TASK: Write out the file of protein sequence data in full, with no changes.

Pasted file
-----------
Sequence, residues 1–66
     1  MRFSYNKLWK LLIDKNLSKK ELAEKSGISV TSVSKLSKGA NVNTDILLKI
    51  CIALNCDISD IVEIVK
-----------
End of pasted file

Sequence, residues 1–66
     1  MRFSYNKLWK LLIDKNLSKK ELAEKSGISV TSVSKLSKGA NVNTDILLKI
    51  CIALNCDISD IVEIVK